Basil Pesto

FullSizeRenderBasil is bountiful at farmer’s markets this time of year, so what can you do with this most fragrant of herbs? Pesto is a versatile sauce, and making it yourself fills your kitchen to the brim with fresh summertime smells. We love this recipe (from an older Better Homes & Gardens cookbook) stirred up over a a pound of prepared pasta, with cubes of grilled chicken, and cherry tomatoes. Delish!!! I love wide, flat noodles with pesto. Trader Joe’s lemon pepper pappardelle pasta works really well (pictured here), but you can use anything your little heart desires—penne, spaghetti, linguini, farfella (aka: bow tie pasta) or those little cup shaped ones I can’t remember the name of. I draw the line at lasagna noodles, though. That would just be silly, people.

This is also great slathered on a tortilla and sprinkled with grated parmesan, and then baked in a 375° oven for about 15-20 minutes, or until edges or tortillas are crisp. Cut like a pizza and serve with your meal. (If you use corn tortillas, this could be a gluten-free snack.) Or spread on think chunks of sourdough bread and top with fresh mozz and a slice of tomato, then broil in the oven for a few minutes. These make fabulous appetizers. 

I’ve also done a mixture of half real mayonnaise, and half prepared pesto for a sandwich spread. You want to wake up your boring old lunch, this will do it! So is that enough ideas to get you going?

IMG_1038I’m super excited because my basil is actually doing great in my mini herb garden this year. In the past, it’s grown rather sparse in my pots, but my plant is going gang-busters right now—it’s yielded enough to make 3 jars already! But when I’ve not had basil right out my back door, I’ve bought bunches from the farmer’s market, and spent a morning making multiple recipes of pesto, putting each batch in an 8-ounce container (pint jars work great). Then I use one batch fresh for dinner or appetizers, and freeze the others for use all year long. There is nothing like a batch of pesto over pasta in the dead of winter—it’s a reminder that spring will come again.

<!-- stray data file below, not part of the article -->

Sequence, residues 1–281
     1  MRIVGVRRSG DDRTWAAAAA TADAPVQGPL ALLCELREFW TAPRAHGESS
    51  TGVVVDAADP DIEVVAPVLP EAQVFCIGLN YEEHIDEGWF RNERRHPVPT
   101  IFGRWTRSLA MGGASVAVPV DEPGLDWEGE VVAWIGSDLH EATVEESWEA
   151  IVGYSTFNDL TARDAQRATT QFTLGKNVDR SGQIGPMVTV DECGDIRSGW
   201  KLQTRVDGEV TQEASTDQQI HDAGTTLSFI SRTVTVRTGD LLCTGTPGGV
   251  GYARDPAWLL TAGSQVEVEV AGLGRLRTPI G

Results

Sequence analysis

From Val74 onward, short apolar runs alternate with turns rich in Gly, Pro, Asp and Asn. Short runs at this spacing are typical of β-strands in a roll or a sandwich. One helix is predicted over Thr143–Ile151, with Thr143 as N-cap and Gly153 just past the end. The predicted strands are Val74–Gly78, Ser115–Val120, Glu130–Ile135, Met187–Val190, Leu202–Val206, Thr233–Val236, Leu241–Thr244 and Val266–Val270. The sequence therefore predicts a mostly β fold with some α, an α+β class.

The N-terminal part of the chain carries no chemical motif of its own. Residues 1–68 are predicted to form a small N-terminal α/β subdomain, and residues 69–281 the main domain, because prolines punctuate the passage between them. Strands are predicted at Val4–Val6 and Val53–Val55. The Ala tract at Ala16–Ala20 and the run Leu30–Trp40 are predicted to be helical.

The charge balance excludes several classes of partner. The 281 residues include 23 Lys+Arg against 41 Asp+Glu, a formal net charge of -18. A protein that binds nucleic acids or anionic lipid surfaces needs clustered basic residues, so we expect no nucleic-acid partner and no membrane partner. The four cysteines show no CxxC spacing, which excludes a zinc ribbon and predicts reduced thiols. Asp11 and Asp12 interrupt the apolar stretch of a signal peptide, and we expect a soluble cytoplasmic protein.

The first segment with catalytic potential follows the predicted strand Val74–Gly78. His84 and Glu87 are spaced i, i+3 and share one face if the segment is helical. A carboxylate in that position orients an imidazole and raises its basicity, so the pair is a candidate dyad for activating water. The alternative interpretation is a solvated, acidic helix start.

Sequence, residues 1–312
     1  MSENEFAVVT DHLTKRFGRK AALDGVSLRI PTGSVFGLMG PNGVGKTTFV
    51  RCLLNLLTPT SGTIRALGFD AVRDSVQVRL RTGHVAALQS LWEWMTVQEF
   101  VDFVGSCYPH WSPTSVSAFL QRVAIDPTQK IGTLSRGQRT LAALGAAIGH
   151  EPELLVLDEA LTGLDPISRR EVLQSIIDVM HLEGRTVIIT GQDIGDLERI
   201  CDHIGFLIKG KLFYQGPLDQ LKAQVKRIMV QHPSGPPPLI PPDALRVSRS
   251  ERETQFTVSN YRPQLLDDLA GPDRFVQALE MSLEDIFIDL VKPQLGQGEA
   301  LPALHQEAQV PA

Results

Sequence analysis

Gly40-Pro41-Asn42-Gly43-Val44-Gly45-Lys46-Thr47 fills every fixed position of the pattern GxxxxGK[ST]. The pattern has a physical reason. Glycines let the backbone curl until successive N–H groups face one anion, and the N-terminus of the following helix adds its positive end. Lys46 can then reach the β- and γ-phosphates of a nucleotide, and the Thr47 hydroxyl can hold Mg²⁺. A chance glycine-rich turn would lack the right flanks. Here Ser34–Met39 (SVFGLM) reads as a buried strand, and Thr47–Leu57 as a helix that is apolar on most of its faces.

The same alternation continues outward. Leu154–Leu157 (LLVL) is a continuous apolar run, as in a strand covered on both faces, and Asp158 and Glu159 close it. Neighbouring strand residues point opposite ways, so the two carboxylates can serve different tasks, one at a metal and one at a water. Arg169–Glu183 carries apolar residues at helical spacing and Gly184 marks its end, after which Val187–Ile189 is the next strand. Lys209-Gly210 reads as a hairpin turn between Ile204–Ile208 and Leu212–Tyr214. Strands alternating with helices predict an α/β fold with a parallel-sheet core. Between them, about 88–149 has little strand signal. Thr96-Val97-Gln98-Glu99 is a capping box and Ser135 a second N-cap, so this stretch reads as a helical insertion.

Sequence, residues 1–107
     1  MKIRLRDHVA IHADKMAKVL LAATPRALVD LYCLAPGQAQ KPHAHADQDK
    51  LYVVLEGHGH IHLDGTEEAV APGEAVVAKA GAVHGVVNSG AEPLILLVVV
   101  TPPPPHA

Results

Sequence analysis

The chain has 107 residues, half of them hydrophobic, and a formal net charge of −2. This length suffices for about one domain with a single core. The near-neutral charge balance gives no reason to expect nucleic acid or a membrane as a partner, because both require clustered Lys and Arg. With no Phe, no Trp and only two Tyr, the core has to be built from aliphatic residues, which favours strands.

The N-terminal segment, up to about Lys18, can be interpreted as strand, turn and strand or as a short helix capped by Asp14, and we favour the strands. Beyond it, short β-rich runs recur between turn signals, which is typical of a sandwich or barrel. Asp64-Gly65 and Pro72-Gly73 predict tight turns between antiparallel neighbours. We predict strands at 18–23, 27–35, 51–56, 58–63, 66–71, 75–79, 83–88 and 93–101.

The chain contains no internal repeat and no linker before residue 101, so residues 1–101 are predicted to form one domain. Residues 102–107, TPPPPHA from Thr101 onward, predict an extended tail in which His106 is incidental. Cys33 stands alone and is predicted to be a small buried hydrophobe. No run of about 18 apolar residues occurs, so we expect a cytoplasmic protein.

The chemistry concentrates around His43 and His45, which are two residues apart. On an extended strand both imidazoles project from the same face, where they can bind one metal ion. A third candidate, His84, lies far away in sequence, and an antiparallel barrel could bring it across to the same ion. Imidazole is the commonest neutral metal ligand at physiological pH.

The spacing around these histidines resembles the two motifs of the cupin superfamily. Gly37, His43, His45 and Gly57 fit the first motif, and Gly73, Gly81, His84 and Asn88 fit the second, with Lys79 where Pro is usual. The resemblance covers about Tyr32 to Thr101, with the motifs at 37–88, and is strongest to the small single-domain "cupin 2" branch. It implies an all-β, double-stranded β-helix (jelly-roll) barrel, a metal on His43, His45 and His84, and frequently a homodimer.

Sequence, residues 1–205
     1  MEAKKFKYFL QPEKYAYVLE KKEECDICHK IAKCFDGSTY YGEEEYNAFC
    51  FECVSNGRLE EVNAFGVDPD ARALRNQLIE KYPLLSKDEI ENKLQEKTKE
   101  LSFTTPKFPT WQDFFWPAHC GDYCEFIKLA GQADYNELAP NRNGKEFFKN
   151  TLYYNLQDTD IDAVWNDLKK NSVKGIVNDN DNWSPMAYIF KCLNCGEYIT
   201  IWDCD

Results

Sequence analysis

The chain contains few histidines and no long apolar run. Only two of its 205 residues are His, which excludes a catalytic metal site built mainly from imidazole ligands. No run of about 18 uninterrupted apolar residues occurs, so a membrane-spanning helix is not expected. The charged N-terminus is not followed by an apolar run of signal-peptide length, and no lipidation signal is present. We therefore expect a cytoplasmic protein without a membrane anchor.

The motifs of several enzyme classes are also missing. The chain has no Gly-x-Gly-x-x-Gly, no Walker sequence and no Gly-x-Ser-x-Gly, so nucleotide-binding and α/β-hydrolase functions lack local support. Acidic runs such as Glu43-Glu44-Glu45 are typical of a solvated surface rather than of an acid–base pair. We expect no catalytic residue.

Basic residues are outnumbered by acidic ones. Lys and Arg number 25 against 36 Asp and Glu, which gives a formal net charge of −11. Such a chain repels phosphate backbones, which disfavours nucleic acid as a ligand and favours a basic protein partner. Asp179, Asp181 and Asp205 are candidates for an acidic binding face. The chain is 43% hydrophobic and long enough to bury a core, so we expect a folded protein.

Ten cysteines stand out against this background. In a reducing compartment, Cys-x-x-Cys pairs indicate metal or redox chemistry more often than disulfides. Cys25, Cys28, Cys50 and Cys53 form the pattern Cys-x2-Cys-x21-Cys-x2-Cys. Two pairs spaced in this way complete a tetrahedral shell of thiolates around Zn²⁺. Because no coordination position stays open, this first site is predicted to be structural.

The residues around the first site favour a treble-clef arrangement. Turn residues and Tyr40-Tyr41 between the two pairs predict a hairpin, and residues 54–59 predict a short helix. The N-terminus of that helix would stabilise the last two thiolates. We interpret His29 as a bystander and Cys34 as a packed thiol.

Makes 8 ounces

1 cup firmly packed fresh basil leaves (washed and rinsed)
½ cup fresh parsley springs (without stems), or 1/4 cup dried parsley
½ cup grated Parmesan cheese
1/3 cup olive oil
¼ cup slivered almonds*
1 large clove garlic, quartered
¼ teaspoon salt

In a blender or food processor, combine basil, parsley, Parmesan cheese, olive oil, almonds, garlic, and salt. Cover and blend or process with several on-off turns until paste forms. Stop machine to scrape down sides as needed.

If not using immediately, store in airtight container and refrigerate up to a week, or freeze for 6-12 months.

*NOTE: I used to make this with pine nuts—the traditional nut for this recipe—but they are crazy bonkers expensive, so I use almonds now and they work just as well. Pine nuts also have a tendency to go rancid if not refrigerated, and I’ve wasted those little gold nuggets unintentionally. So I quit buying them and stick with almonds.

Lemon Caesar Salad Dressing

IMG_0919Fresh summer salads need a fresh summer dressing, and what tastes fresher than the zing of real lemon? This dressing recipe make-over from a Pillsbury Classic Cookbook circa August 1991 (those little grocery store booklets sold in the check-out lanes next to the trashy tabloids) uses sour cream as a thickening agent instead of the traditional coddled egg, so there’s no raw egg issues in this mix. I’ve made it with just torn romaine lettuce, grated Parmesan cheese, and big, buttery croutons, but that’s too limiting for this zesty salad topper. It’s great on any torn greens and vegetable combination you can dream up.

IMG_0924Pictured in my salad are curly leaf lettuce, chopped sweet red peppers and cucumber, jicama chunks, fresh basil, and grated heritage carrots (they’re purple—so they kinda look like bacon bits), and finally a sprinkling of grated Parmesan, as a nod to it’s Caesar roots. Be warned that lemon is the predominant taste in this dressing, so pucker up. (Mom and Janine, this one’s for you!) I’ve never used the anchovy paste suggested in the original recipe, and we’ve found it’s just dandy without it. In fact, I think it would make it far too salty. 

Most people know how Caesar salad got it’s name…but here’s a refresher just for kicks. It was created by Chef Caesar Cardini, an Italian immigrant who worked in kitchens in Mexico and the U.S. Legend has it that he came up with the concoction during a 4th of July rush when his kitchen supplies were running low, and these were the ingredients he had on hand. His original recipe didn’t use anchovies, either, so I guess I’m in good company there. Apparently, there are a variety of bottled dressings called “Cardini’s Caesar” to be found in grocery stores. But why buy it bottled when it’s so easy to make your own?

Makes about 3/4 cup dressing

1/2 cup extra virgin olive oil
3 tablespoons fresh lemon juice
1 tablespoon sour cream
1 teaspoon grated lemon peel
1 teaspoon Dijon mustard
1 teaspoon Worcestershire sauce
1-2 cloves garlic, minced (I typically use only one clove)
1/2 teaspoon salt
1/4 teaspoon course ground black pepper

Combine all ingredients in a bowl and whisk—or combine in a jar and shake vigorously—until smooth. Refrigerate until ready to use, or pour over salad greens and vegetables, and toss until greens are coated.